Unemployment Discrimination: Who's Afraid To Hire The Jobless?
WASHINGTON - Job advertisements that require applicants to be "currently employed" are easy to find online. Yet attempts to trace the origins of such discriminatory job ads yield plenty of "It wasn't me" responses from the companies involved.
Many of the businesses insist they don't want to screen out the unemployed and blame the discriminatory language on the middlemen directly responsible for placing the ads.
Discrimination against people who are out of work is a phenomenon that's been in the news since last year, and lately it has been getting a lot more attention. Democrats in both chambers of Congress now want to make it a federal crime.
A recent report by the National Employment Law Project, a worker advocacy group, called out 73 businesses for asking in job postings that applicants be currently employed. "This perverse catch-22 is deepening our unemployment crisis by arbitrarily foreclosing job opportunities to many who are otherwise qualified for them," NELP said in the report.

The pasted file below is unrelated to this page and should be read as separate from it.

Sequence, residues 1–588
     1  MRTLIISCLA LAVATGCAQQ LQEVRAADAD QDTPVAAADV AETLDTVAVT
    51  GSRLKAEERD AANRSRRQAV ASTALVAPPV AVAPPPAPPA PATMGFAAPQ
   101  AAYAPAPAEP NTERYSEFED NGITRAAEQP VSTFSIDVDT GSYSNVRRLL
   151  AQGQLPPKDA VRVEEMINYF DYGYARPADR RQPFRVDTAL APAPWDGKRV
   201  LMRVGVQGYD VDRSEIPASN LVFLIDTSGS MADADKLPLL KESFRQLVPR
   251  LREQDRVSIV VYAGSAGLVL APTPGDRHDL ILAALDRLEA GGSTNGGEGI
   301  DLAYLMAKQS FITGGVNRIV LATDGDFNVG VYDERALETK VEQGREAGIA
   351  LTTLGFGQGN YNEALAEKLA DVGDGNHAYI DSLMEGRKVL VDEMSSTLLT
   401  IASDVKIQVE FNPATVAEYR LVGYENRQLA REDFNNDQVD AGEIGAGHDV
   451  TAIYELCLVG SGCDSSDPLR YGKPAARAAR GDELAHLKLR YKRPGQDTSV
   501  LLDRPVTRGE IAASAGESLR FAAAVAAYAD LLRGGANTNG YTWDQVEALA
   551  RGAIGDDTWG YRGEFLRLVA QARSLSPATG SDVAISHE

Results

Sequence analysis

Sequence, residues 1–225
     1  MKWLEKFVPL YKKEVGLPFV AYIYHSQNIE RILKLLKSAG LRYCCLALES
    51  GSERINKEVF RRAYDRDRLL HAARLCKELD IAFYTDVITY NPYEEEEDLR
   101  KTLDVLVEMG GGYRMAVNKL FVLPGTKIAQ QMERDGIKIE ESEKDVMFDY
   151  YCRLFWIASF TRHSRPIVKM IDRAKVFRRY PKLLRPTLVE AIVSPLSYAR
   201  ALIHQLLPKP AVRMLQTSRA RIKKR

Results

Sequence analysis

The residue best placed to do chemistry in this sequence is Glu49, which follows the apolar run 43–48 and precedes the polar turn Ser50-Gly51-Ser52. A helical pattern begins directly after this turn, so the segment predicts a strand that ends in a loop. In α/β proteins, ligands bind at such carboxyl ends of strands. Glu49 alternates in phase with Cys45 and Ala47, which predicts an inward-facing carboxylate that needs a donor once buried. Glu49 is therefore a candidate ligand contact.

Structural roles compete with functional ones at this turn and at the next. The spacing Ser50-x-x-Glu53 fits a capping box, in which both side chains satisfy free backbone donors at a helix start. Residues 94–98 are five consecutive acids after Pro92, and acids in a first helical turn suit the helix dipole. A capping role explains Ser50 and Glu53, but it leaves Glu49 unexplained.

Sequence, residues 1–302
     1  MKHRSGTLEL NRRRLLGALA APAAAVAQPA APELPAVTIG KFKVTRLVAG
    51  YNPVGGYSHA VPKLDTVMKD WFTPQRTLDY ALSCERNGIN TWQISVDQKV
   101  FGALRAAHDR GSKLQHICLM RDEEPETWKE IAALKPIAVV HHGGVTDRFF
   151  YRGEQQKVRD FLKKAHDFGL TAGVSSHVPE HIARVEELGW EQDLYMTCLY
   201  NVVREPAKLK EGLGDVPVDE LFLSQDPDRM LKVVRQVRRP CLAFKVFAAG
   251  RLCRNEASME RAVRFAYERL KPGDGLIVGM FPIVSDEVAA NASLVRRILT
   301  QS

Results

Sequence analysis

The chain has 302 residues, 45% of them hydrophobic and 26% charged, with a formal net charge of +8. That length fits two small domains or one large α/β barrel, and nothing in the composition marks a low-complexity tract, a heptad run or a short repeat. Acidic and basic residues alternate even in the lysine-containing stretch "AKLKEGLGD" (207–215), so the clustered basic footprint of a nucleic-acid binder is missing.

The Huffington Post reached out to half the organizations cited in the report, and nineteen responded. While several staffing firms defended the ads, employers disavowed them, saying they'd been written by a person outside the company and that they were completely unaware of the language used.
For instance, a spokesperson for AIELLO Home Services, an HVAC company based in central Connecticut, said his company would never run a job ad that specified applicants should already have jobs.
"If you like to make money and have a flexible schedule, then a challenging and exciting opportunity awaits you," an online job ad for the company said. "And if you are currently employed, believe enough in yourself and your abilities to make a positive career move...you and your family will be glad you did." (The ad also specified: "NO prior industry experience required!") >>>CLICK HERE TO READ MORE
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